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What is concrete spalling?
Spalling can be defined as “breaking down materials into smaller pieces, such as chips and fragments breaking away from rocks/ores”. Concrete spalling refers to cracking, flaking, peeling and chipping on concrete surfaces, which starts to peel and pop out, and in excessive cases, resulting in exposed steel reinforcement.
Concrete spalling can effect a variety of structures such as bridges, car parks, colleges and hospitals. This can cause problems with the durability of concrete over the long-term design, in terms of exposure and corrosion to steel reinforcement. This may lead to increased costs of the maintenance of these structures through patch repairs over their lifetime or replacement of concrete elements.
What Causes Concrete Spalling?
The common causes of spalling is the presence of moisture, salts, heat and mechanical expansion within the concrete leading to cracking, peeling and chipping etc.
Concrete is a porous material and when moisture/de-icing salt is present on the surface of the concrete, this can seep into the concrete and corrosion of the steel reinforcement occurs (in the presence of water and air).
A chemical reaction between iron, water and air occurs, and iron oxide (rust) is formed. The rust has a greater volume than the original bar dimensions and this increase in volume leads to a build up of internal pressures causing spalling and delamination/cracking.
Common building elements that are at risk of spalling are basements, due to the surface being in contact with potentially saturated soil and damp/in-adequate waterproofing. This can be identified through striated lines, discolouring and coarse textures where the concrete surface can be easily removed.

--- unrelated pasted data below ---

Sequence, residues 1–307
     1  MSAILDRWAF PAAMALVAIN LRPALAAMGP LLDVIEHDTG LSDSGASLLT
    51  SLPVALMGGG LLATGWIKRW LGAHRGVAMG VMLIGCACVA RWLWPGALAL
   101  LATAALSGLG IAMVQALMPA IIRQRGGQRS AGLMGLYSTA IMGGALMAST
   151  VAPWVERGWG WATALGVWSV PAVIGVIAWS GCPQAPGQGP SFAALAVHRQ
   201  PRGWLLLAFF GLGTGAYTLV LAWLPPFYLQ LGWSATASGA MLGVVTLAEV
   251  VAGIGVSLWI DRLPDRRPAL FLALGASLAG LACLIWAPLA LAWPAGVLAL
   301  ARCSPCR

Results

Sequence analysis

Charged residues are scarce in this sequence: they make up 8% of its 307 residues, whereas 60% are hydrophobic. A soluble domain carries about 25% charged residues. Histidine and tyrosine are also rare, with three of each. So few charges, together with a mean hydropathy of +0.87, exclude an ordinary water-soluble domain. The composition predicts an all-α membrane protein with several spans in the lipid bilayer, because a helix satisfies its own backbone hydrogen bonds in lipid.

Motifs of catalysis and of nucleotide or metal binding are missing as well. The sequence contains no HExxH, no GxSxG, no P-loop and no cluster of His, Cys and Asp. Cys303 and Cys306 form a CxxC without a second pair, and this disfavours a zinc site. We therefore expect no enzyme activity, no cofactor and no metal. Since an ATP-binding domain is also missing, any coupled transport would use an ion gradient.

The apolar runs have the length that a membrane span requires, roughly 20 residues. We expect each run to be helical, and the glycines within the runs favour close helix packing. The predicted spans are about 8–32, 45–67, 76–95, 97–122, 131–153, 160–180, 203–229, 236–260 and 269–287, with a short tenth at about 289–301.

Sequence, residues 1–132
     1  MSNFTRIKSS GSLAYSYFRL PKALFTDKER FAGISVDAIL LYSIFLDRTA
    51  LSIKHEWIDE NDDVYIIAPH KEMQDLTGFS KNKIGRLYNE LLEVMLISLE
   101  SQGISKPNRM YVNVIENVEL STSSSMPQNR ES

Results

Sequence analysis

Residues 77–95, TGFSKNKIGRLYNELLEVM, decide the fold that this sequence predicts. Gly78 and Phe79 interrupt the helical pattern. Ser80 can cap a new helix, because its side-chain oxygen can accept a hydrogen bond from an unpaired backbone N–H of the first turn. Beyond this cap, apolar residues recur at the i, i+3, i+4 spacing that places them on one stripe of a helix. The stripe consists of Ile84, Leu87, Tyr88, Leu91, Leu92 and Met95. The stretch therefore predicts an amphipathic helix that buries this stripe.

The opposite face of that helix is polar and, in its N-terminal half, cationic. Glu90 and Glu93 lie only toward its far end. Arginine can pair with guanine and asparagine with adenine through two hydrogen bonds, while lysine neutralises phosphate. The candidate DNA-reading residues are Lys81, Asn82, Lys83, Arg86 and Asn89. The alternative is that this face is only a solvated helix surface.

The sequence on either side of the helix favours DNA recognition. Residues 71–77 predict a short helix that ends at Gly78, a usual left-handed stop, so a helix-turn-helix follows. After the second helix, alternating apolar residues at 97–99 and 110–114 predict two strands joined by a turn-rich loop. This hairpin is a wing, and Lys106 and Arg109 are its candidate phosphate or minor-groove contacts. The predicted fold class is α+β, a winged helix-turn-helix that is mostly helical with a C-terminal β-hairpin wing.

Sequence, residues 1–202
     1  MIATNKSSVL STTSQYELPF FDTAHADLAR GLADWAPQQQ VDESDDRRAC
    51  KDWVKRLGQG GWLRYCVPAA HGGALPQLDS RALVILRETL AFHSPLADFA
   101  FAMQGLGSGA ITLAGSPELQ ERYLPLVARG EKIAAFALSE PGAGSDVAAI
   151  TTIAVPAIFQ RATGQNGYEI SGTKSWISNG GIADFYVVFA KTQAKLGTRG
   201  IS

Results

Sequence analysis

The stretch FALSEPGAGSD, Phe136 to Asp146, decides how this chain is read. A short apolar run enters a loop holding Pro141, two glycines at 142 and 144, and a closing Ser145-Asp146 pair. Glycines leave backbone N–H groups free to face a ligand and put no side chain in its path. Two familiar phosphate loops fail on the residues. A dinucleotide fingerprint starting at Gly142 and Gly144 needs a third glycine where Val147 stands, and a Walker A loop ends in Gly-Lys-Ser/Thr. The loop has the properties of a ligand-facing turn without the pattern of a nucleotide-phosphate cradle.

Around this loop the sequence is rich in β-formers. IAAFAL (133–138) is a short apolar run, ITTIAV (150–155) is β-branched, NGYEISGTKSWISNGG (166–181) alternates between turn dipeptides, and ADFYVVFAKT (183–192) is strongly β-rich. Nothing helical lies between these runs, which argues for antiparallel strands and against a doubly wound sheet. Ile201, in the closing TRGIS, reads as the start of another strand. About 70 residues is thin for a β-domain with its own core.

Factors affecting concrete spall are the following:
Porosity of concrete
Temperature and temperature change
Expansion and contraction of the freeze/thaw cycle
Chemicals such as de-icers
The preparation of the concrete mix and location of the concrete (coastal or countryside) has an impact on spalling. Air entrainment additives should be used, which allows space in concrete for the expansion and contraction of water and ice. However, air entrainment and high water content decreases the concrete compressive strength, and this should be considered when choosing concrete mixes.
In coastal areas, the presence of salt in the air can increase spalling and corrosion of concrete. The concrete surface can become inundated with airborne salt, which can then permeate through the concrete pores and cause chloride attack to the concrete.
The design of concrete mixes in hostile environments or exposed to rainfall/de-icing salts should be designed with adequate cover to the reinforcement, reducing the amount of water/chloride passes through. Values for concrete cover for difference types of environment and conditions can be found in BS 8500, which tabulates the exposure class of concrete.
Effects of Spalling
Excessive spalling and delamination results in the steel reinforcement to be further exposed to the atmospheric element, where it will corrode even further. This will lead to a reduction of strength as the rebar continues to deteriorate. This leads to a weakened concrete that may not be adequate under loads in bridges, structure etc.
If spalling and continuous corrosion takes place without any monitoring or checks, this can potentially lead to failure of concrete elements. Regular monitoring of concrete and structures of important significance (i.e, hospitals, bridges) is required and remediation should be undertaken if required.